(Thanks to Michael Essenburg, Christian Academy in Japan, for sharing this post and to Wordle.net for the image.)
You know that when you meet your students’ learning needs, they do better. Since you want your students to do better on connecting what they study and Biblical principles, you decide to meet specific learning needs.
Question: What 3 learning needs will you meet?
Here are sample student learning needs:
- Understanding the importance of connecting what they study and Biblical principles.
- Knowing what it looks like to connect what they study and Biblical principles.
- Understanding how you (or their other teachers) teach from a Biblical perspective.
- Understanding the vocabulary.
- Experiencing engaging instructional strategies.
- Having time to think through the answers for themselves.
- Having time to reflect.
- Connecting their lives, Biblical principles, and what they study.
- Practicing connecting Biblical principles and what they study.
Here’s what one high school teacher is doing:
I’m passionate about my students loving God with their minds. I really want them to develop a Christ-centered worldview. One way I help them do this is by helping them apply a Biblical perspective to what they study. This year I’ve been working to meet 3 of my students’ learning needs:
(#5) Experiencing engaging instructional strategies: When my students are engaged, they learn better. A key instructional strategy I’m using is asking questions. Just this past week, I asked my students “What’s the difference between infatuation and love?” They became quickly engaged, and their discussion resulted in them talking about the biblical concept of love.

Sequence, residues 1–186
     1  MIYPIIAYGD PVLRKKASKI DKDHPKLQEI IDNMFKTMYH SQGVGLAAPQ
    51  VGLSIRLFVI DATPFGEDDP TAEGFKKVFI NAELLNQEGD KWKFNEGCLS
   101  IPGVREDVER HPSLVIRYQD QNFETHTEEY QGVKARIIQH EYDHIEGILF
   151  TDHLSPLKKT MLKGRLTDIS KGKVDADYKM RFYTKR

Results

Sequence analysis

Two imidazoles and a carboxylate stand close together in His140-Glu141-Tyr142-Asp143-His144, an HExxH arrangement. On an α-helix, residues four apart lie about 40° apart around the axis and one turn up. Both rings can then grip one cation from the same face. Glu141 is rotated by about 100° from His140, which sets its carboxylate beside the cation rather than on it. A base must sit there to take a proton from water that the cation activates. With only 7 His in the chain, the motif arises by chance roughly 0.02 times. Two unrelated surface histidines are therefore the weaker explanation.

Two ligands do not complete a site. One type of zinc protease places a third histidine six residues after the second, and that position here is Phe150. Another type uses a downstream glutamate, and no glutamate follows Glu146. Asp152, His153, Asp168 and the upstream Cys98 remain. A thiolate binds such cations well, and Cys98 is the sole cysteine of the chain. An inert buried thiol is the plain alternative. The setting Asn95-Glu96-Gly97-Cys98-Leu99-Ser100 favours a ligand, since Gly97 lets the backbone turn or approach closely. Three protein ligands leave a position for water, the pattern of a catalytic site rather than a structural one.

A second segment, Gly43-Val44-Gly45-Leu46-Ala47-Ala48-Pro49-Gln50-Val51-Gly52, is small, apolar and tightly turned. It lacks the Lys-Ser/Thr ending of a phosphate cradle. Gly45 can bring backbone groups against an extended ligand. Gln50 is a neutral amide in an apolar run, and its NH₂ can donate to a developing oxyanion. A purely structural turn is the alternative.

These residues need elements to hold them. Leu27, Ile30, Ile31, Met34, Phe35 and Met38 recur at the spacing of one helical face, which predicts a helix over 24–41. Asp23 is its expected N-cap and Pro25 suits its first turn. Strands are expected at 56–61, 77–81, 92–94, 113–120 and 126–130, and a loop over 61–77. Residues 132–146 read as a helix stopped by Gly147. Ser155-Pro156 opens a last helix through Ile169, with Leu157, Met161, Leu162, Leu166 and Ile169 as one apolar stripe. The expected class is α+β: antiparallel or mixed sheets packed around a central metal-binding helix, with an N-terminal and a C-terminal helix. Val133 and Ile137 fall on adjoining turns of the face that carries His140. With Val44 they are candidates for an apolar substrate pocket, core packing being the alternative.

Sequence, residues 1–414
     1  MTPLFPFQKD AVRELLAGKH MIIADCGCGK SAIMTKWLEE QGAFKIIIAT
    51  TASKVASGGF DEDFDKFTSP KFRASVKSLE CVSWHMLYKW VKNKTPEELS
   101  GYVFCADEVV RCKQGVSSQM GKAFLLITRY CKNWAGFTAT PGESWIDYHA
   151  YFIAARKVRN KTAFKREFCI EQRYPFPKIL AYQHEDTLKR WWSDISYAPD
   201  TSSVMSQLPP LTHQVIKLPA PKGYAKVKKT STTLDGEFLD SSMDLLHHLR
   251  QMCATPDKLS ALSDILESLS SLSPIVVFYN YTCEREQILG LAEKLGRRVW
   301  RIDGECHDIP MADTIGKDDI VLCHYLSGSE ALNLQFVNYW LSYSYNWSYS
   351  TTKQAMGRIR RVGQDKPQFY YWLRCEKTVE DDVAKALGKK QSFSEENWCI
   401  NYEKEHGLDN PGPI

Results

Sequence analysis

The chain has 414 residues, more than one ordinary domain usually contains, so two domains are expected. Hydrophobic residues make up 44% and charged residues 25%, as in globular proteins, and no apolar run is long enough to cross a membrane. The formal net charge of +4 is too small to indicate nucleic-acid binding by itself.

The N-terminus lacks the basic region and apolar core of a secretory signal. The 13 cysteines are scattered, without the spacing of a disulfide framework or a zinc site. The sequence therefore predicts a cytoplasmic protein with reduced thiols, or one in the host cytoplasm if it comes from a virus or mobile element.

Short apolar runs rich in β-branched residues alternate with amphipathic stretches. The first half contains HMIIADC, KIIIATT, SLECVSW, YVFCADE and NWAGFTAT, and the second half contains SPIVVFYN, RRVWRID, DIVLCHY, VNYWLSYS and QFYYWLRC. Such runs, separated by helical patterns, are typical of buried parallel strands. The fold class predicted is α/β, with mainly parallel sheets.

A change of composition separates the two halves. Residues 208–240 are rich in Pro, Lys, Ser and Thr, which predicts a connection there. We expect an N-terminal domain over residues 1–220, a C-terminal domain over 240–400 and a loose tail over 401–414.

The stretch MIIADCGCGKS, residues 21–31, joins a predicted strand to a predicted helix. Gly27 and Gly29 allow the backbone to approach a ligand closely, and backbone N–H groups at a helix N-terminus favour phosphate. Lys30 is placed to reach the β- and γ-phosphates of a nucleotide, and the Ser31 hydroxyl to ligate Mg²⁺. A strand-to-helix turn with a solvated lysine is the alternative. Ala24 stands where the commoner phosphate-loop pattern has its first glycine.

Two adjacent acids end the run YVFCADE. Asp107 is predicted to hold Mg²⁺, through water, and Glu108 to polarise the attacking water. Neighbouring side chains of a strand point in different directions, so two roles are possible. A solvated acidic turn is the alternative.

(#6) Time to think through the answers for themselves: When kids have time to think, they are more likely to make connections. Since I want my students to connect learning and faith, I’ve been providing time for my students to think. For example, in my “Who Am I?” unit, I gave my students time to think about who they are spiritually, culturally, and personally.
(#8) Connecting their lives, Biblical principles, and what they study: My students do a better job of understanding and applying a biblical perspective when I incorporate their life experience. For example, my students all know that what the Nazis did to the Jews was horrible and that it violated the biblical teaching of respecting others as God’s image bearers. But then they leave class and gossip.
To help my students really get the implications of respecting others, I asked them to do a 2-part journal entry: (1) to list examples of respect and contempt for human dignity from a holocaust memoir and (2) to list examples of respect and contempt for human dignity that they see at school. Then I had them discuss their entries in small groups. It worked!